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BELARUS


  

 

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Key Economic Data 
 
  2003 2002 2001 Ranking(2003)
GDP
Millions of US $ 17,493 14,304 12,200 76
         
GNI per capita
 US $ 1,590 1,360 1,290 122
Ranking is given out of 208 nations - (data from the World Bank)

Books on Belarus

REPUBLICAN REFERENCE

Area (sq.km)
207,595

Population
10,310,520

Principal ethnic groups
Belarusians 77.9%
Russians 13.2%
Poles 4%

Capital
Minsk

Currency
Rubel 
(Belarusian Rouble)

President
Alexander Lukashenka


Update No: 304 - (28/04/06)

The odd man out
A strange paradox is that while Belarus is being ostracized by Western governments, with President Alexander Lukashenka and over thirty senior officials being banned from the EU and the US in the wake of his dubious electoral victory in March (82% for him), it is being courted by international financial institutions.
One reason is that - so far - its economy has been performing rather well, at least on official statistics. There is reason to suppose, however, that the good times could soon be over, and official statistics in such a regime are hardly trustworthy.

Economic recovery 
Like other former Soviet republics, Belarus suffered a massive collapse after 1991, with output dropping by more than half thanks to "shock therapy" reforms. But in 12 years of power Lukashenka has righted that, as the following statistics show (all taken from the IMF's country report on Belarus in June 2005). 
He has presided over a continual increase in real wages for several years, culminating in a 24% rise over the past 12 months. He has also cut VAT, brought down inflation, halved the number of people in poverty in the past seven years, and avoided social tensions by maintaining the fairest distribution of incomes of any country in the region. 
Residents, as well as Western visitors, report that many people are satisfied with their living standards. Many have family or other ties to Russia, their giant neighbour, and feel grateful for the stability, moderation and absence of an oligarch-dominated economy that Belarus enjoys. Of course politically it is a different story - one of intimidation, and abuse of civil and human rights.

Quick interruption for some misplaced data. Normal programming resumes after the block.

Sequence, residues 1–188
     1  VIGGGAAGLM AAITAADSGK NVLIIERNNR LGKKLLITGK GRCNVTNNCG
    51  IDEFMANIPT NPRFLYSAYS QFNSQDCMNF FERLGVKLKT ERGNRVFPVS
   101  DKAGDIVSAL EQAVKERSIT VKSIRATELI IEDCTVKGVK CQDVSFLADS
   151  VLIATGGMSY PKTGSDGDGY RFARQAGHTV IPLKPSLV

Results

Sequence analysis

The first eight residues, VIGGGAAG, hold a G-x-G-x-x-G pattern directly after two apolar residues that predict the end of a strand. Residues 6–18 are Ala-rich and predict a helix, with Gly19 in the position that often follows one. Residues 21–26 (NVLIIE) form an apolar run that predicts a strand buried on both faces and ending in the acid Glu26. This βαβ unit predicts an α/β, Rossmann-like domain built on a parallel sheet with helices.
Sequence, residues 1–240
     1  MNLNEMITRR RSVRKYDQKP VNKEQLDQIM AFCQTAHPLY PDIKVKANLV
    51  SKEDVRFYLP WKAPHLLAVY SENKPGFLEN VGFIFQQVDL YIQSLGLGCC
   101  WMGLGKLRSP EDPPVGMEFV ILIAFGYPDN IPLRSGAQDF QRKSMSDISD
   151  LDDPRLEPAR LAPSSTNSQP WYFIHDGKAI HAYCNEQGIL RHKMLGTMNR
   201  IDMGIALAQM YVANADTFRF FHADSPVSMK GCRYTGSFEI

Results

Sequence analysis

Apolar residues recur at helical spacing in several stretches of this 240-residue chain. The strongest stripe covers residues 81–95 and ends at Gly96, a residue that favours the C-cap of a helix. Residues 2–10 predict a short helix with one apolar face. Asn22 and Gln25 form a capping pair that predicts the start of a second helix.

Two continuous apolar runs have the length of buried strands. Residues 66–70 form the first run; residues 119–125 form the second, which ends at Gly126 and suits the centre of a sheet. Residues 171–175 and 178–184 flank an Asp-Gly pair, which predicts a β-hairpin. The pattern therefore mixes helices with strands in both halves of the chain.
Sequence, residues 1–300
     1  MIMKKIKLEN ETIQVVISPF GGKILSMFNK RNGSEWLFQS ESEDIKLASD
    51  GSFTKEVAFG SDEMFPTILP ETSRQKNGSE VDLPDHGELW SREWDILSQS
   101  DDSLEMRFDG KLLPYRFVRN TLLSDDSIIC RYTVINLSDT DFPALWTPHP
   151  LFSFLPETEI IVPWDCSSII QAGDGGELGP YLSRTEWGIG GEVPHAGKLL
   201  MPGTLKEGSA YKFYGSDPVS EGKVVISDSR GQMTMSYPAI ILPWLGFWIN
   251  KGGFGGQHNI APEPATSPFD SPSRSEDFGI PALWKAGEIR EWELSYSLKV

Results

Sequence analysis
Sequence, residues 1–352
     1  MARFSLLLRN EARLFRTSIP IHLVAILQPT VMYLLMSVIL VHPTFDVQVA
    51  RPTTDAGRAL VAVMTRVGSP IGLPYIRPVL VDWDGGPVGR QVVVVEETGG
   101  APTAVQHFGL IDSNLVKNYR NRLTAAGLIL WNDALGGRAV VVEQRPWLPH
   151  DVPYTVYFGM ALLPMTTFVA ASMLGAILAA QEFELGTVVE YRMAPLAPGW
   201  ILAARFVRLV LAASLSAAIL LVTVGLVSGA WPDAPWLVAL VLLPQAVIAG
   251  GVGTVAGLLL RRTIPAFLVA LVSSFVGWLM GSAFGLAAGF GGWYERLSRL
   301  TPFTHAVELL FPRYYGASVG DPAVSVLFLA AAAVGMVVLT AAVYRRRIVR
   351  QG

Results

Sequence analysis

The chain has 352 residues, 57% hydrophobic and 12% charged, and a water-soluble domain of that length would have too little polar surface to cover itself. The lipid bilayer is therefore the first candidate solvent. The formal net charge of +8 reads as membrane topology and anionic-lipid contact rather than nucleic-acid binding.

Denim Revolution?
In the circumstance what chance is there of a 'Denim Revolution' in Belarus ever happening, the name being suggested for an equivalent to the 'Orange Revolution' in Ukraine, the 'Rose Revolution' in Georgia or the 'Tulip Revolution' in Kyrgyzstan?
It is highly suggestive that the latter three were named after natural phenomena, while the former is after all a human product, denim, that happens to be a staple product of the Belarussian economy.
There's the rub. Nobody is prepared to take Belarussian denim in bulk except the Russians, as is true of virtually all that they sell them. It has always been that way because of the soviet-style lack of quality in manufactured products. This has contributed to Belarussian exports being virtually unsaleable in free world markets. 
The Belarussian economy is totally dependent on Moscow remaining benign in its policy towards its former subjects, as it sees them. Russia sells Belarus oil and gas at one fifth, or less, of world prices, much of which, after it has satisfied its domestic needs, it then refines or whatever into another form and sells on to world markets.

Moscow to pull the rug?
There is one severe problem for Lukashenka that is emerging in full clarity after his election victory. The Kremlin was prepared to see him win, indeed helped him by leaving Belarus out of the reckoning that other former satellite states faced in energy prices. While gas to Ukraine and Georgia is only going to be sold at near world market prices soon, it appeared that an exception was to be made for Belarus, for a while longer at any rate. 
Not so. Gazprom is demanding world price levels from Belarus too, unless it hands over ownership of its transit firm for gas exports to Europe, Transneftgas, to the Russian giant lock stock and barrel. If Minsk surrenders it meekly to Moscow, it would lose its last leverage over its energy policy. It would forego any chance of doing what the Ukrainians did in January when Gazprom shut off supplies, namely to take over supplies meant for Western Europe. 
Lukashenka was always at risk of Moscow turning against him. That is what seems to have happened. Time will soon tell.

Belarus threatens Europe and USA with "adequate measures in return"
The Belarussian Foreign Ministry has stated that official Minsk may reply with adequate measures to the EU, which banned entry into its territory for three dozens of Belarussian officials, including the country's President Alexander Lukashenka.